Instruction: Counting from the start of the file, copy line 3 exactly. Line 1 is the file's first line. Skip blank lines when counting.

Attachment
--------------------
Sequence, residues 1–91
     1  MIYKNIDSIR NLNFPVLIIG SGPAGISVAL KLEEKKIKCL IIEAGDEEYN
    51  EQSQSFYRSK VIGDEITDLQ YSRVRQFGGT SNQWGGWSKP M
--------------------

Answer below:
    51  EQSQSFYRSK VIGDEITDLQ YSRVRQFGGT SNQWGGWSKP M